I’m just going to go ahead and make a bold claim: data mesh is absolutely brilliant in financial services organisations.
Now to back up my claim.
Given the mind-bending data challenges that financial services organisations face (tons of data, highly siloed, complex latency/compliance requirements, hybrid infrastructure etc.), they need an approach that can create flexibility, coherence and cohesiveness across their entire estate.
Data mesh is such an approach.
I say this on the basis of having worked in many such organisations: on the one hand, I’ve seen time-and-time again how monolithic data approaches fail to provide these things. On the other hand, I have helped them to introduce data mesh-style approaches that have helped them bridge technology divides and connect siloes, all within the context of a domain- and product-centric mindset and operating model that puts the consumer at the heart.
I’d like to summarise a recent data-mesh-in-financial-services experience to give you an idea of how we think about data mesh and the deep-seated transformation that it can effect when properly supported.
In the organisation in question, we helped them to put their data at the very core of their business in a scalable and resilient way, making it widely available for use in their product innovation going forward. This was a massive change in contrast to how they were operating previously and has really opened the doors for rapid innovation in the future.
In this blog, I’ll be explaining the challenges the company was facing, why they opted for data mesh, the principles we applied to ensure that the implementation was a success and what the business outcomes were.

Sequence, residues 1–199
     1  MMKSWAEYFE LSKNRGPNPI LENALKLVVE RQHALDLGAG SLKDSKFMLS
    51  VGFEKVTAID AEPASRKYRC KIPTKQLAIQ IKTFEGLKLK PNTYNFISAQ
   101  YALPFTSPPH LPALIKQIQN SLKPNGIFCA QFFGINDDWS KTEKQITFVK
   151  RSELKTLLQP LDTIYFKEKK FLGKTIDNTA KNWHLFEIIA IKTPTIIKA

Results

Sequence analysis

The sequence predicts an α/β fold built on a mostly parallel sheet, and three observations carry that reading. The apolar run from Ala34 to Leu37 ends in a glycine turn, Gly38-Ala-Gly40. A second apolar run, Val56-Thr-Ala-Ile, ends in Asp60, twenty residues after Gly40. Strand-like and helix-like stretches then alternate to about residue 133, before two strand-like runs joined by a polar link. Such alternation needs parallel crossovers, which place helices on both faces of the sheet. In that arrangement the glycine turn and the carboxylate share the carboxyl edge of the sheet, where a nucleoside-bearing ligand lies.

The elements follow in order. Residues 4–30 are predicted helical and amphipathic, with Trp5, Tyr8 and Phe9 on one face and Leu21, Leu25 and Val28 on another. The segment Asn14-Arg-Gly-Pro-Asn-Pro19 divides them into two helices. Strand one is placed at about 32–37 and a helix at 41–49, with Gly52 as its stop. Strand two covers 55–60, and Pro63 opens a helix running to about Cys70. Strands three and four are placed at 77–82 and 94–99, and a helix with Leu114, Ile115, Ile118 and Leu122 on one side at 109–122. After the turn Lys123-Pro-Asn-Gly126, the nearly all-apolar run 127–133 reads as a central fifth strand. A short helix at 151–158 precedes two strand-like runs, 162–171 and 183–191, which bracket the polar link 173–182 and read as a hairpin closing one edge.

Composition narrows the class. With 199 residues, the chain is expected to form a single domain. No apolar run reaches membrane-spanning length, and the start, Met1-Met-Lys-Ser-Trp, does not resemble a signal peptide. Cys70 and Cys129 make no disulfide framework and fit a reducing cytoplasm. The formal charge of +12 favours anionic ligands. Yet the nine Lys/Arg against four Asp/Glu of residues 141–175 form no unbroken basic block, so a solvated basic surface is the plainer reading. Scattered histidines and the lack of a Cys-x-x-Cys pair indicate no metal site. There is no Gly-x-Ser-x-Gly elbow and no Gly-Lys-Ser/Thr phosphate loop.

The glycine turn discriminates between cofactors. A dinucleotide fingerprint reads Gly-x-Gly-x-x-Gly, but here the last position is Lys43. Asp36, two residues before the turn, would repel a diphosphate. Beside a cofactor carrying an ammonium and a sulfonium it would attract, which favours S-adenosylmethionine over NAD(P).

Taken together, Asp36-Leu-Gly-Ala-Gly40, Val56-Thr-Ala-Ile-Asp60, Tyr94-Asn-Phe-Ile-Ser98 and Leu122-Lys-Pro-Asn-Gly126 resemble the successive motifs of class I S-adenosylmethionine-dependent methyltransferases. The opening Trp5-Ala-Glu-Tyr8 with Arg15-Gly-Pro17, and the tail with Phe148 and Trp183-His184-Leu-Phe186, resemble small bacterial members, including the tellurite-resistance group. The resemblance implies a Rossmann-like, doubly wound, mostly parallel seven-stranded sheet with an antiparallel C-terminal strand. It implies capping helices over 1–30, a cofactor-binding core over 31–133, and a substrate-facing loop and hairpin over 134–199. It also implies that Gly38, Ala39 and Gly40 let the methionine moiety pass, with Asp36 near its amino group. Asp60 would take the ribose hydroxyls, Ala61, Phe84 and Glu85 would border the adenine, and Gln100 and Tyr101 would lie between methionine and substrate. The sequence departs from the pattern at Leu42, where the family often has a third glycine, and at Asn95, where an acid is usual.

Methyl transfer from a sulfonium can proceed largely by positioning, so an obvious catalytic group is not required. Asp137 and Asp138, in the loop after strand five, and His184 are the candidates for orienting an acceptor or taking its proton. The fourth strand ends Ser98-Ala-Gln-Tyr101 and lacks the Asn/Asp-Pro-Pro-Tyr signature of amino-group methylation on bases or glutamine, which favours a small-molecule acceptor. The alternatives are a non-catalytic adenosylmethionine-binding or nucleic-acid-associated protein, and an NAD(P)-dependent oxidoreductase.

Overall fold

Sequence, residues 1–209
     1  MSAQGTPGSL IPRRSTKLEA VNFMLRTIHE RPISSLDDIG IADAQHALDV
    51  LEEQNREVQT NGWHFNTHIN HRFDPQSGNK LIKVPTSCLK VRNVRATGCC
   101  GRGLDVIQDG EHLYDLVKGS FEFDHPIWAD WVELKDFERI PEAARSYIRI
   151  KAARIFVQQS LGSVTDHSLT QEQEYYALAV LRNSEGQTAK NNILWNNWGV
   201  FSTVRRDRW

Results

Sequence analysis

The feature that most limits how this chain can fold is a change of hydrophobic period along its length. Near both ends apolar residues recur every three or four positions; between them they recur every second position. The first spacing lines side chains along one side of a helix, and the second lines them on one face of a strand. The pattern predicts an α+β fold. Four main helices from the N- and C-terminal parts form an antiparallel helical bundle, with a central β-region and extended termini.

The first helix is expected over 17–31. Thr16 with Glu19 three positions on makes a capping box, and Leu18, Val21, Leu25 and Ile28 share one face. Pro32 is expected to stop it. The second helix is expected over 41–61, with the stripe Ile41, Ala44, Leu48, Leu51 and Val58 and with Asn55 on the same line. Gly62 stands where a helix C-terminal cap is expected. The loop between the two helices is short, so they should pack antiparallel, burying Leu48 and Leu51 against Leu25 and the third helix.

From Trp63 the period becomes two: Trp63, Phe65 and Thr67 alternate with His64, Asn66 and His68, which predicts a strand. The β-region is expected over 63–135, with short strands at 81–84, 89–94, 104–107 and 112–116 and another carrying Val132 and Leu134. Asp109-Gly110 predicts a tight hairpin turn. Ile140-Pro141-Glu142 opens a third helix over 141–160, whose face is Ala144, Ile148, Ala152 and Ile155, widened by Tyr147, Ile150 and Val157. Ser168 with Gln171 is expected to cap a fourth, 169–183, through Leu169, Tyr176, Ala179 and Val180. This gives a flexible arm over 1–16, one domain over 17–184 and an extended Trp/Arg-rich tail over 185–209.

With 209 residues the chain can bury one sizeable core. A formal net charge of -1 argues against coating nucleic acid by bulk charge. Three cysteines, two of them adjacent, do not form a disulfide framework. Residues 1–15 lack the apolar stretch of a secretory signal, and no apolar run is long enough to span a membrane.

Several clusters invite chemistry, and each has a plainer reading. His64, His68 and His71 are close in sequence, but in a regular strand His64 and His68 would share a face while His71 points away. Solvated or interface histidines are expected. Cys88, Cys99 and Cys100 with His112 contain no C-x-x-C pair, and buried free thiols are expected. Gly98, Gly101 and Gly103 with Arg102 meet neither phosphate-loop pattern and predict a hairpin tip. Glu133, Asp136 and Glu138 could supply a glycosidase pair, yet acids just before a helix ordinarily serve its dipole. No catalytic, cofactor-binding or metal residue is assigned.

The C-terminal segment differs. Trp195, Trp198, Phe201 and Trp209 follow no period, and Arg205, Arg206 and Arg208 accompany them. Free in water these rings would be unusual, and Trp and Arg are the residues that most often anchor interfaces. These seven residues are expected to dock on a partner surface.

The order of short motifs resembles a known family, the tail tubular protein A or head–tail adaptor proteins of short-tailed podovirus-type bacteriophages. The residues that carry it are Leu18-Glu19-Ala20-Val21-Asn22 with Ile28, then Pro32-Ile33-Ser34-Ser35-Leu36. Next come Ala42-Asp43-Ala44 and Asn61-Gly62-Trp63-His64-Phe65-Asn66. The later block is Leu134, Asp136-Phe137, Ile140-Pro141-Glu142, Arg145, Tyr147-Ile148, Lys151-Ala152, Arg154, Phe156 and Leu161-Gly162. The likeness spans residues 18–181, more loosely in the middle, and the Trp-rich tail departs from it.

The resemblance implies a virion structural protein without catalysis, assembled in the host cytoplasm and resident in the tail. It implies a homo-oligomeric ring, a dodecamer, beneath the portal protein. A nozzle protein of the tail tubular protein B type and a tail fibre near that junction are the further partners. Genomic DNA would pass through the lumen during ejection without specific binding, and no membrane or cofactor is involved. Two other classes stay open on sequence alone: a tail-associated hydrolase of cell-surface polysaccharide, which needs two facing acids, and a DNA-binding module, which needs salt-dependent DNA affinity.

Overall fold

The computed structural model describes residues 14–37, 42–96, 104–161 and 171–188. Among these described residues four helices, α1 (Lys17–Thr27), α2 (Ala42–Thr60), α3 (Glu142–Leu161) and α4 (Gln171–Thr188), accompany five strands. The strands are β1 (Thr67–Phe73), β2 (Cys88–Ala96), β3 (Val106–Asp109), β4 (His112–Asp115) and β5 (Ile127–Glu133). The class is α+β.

The company was a very successful online financial trading platform that hosted thousands of financial instruments.
It’s a cliche, but in this case data truly is the core of their business. Everything the business does is centred around trading data, pricing data, risk data and so on.
They had been undergoing a broader digital transformation with the goal of diversifying their offerings by leveraging modern technology to accelerate innovation and experimentally develop a wide range of fabulous new products.
Given the centrality of data to any potential product they could produce, the plan was to put data at the core of this digital transformation such that it was the starting point for all technological and innovation efforts going forward.
In this they came up against a variety of significant pain points.
Firstly, the data, while decentralised across the organisation, was heavily siloed within different teams. These data sets were shaped according to each silo’s requirements, rather than by what made sense for the consumer. In the end, the main way that business users discovered data was just by asking around and hoping they got lucky. As a result, consumers of the data struggled to find, identify, understand and then use the data they needed.
Secondly, the data was too complex and simply too voluminous to be moved to a whole new infrastructure. At the same time, the data was constantly in use, which would have made such an operation much like trying to change the engine of a moving car.
Thirdly, their data strategy had until that point been focused much more on the producers of data, with very little thought given to how data was consumed in the organisation (which is of course the end goal!).
Fourthly, as a result of the previous issues, much of their data was very hard to discover. Consumers would have to queue to make last-minute impromptu requests of the relevant data teams for certain data sets. Even if they succeeded with this, there was no way of knowing if they had the most up-to-date data and the ad hoc nature of the system was highly inefficient, leading to huge amounts of unplanned work for data teams.